Out-Law News 2 min. read

First new college in 20 years will train "next generation" of engineers for HS2, says Government

The first new further education (FE) college in England for 20 years is due to open in 2017, in time to support the "next generation" of "world-class" engineers for major projects such as High Speed 2 (HS2), the Government has announced.

The college will deliver the specialised training and qualifications needed for work on high speed rail projects, including training in rail engineering, environmental skills and construction. The announcement forms part of the Government's work on skills and apprenticeships with HS2 Ltd, and accompanies the work of the independent HS2 Growth Taskforce on maximising the regional benefits of the new railway.

"Creating jobs by delivering better infrastructure is a key part of the Government's long term economic plan," said Transport Secretary Patrick McLouglin. "HS2 will not only help businesses expand, creating employment; it will also give young people opportunities to get new skills, get a job and a career, become more secure and get on in life. When open, it is predicted that HS2 will underpin the delivery of 400,000 jobs."

Construction of the high speed intercity line is expected to create 2,000 apprenticeships over the lifetime of the project. No location or funding arrangements have been specified for the new college yet, but the Government said that "learners from across the country" would be given opportunities to become involved and work along the line.

The announcement was made during a visit to Old Oak Common railway depot by Government ministers for transport, skills and enterprise. They were joined by Sir David Higgins, the new chairman of HS2 Ltd; who said that HS2 and the new college would help to address the twin problems of the UK's lack of engineers, and lack of employment opportunities.

"This country produces some of the best engineers to be found anywhere in the world," he said. "The problem is that there aren't enough of them, and there isn't a long enough guaranteed work-stream to keep them here. So they tend to go overseas."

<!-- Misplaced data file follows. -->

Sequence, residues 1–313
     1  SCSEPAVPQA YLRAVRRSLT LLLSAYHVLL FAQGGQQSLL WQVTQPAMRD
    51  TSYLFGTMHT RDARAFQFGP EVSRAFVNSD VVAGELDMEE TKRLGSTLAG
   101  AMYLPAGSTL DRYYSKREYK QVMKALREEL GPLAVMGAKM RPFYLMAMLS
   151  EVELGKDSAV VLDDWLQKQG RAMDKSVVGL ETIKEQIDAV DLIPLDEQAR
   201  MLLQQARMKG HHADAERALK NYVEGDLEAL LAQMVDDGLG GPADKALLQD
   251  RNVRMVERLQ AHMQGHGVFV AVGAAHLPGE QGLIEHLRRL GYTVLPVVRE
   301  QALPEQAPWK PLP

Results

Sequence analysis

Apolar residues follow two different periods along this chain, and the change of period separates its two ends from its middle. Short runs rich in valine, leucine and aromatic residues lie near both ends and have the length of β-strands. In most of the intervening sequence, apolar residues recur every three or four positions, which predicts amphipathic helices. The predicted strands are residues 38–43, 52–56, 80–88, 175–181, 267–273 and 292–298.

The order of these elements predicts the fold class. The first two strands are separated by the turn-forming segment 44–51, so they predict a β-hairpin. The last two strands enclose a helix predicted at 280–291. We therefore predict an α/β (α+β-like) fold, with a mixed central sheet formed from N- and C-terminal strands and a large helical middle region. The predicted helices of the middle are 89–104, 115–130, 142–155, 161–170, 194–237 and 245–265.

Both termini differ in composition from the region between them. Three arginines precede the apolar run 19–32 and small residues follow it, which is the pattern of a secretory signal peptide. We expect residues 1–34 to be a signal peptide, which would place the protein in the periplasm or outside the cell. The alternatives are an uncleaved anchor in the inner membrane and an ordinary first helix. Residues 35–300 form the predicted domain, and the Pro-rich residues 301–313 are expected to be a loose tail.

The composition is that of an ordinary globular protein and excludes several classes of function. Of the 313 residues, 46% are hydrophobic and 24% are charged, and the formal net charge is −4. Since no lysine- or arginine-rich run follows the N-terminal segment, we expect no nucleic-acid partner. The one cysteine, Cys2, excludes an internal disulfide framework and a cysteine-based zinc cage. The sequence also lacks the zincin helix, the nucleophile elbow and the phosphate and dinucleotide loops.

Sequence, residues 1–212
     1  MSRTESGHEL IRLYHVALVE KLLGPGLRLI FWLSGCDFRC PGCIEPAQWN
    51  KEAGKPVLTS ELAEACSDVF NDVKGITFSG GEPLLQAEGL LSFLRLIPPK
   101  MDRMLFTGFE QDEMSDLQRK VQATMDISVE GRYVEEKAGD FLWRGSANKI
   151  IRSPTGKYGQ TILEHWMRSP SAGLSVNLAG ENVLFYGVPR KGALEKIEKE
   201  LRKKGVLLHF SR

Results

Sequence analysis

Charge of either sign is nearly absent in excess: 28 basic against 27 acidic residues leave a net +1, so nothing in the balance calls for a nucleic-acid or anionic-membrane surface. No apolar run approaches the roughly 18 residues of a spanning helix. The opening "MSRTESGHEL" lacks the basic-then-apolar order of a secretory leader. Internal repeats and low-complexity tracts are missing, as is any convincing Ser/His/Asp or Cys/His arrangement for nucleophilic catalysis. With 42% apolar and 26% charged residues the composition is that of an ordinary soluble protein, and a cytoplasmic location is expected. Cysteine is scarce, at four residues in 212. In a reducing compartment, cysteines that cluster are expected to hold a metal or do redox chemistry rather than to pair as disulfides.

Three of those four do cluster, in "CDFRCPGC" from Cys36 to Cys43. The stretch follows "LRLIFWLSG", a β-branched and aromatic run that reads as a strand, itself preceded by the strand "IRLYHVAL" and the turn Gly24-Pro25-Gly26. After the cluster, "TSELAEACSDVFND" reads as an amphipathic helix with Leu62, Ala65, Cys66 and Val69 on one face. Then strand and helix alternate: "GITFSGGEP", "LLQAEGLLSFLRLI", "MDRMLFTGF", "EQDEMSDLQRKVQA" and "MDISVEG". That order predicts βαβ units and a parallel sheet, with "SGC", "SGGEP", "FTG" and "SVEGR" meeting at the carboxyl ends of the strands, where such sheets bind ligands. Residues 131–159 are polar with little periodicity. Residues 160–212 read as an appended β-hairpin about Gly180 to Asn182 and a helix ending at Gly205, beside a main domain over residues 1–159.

"HS2 provides us with a unique chance to address both issues. The sheer length of the project means we can offer people a rewarding career in engineering staying in this country, whilst the multiplicity of skills required means we will be equipping a new generation with experience at the cutting edge of technology. So HS2 gives us the change not just to re-balance the economic geography of the country, but also our national skills base," he said.

Speaking to the Radio 4 Today programme earlier in the day, Higgins confirmed that he would report on whether it was possible to deliver the £42.6 billion project more quickly and a lower cost "by mid-early March". The Government asked Higgins, who was previously chief executive of Network Rail and former head of the Olympic Delivery Authority (ODA) to consider the potential for better planning of the project and early engagement with industry towards the end of last year.

"The first thing I want to look at is the overall deliverability time – can we make it quicker; can we get the benefits to the North earlier; and then how can we deliver it most effectively; and hopefully that will deliver cost savings," he said.

HS2 is planned to be built in two stages, with completion of the initial London to Birmingham section of the line currently scheduled for 2026. A proposed second phase of the project envisages the construction of an onward 'y network' connecting the line to Manchester and Leeds, as well as to Heathrow Airport, by 2033. The project is currently expected to cost £42.6bn, of which just over £14bn is contingency money; with an additional £7.5bn for rolling stock, according to the latest estimates.

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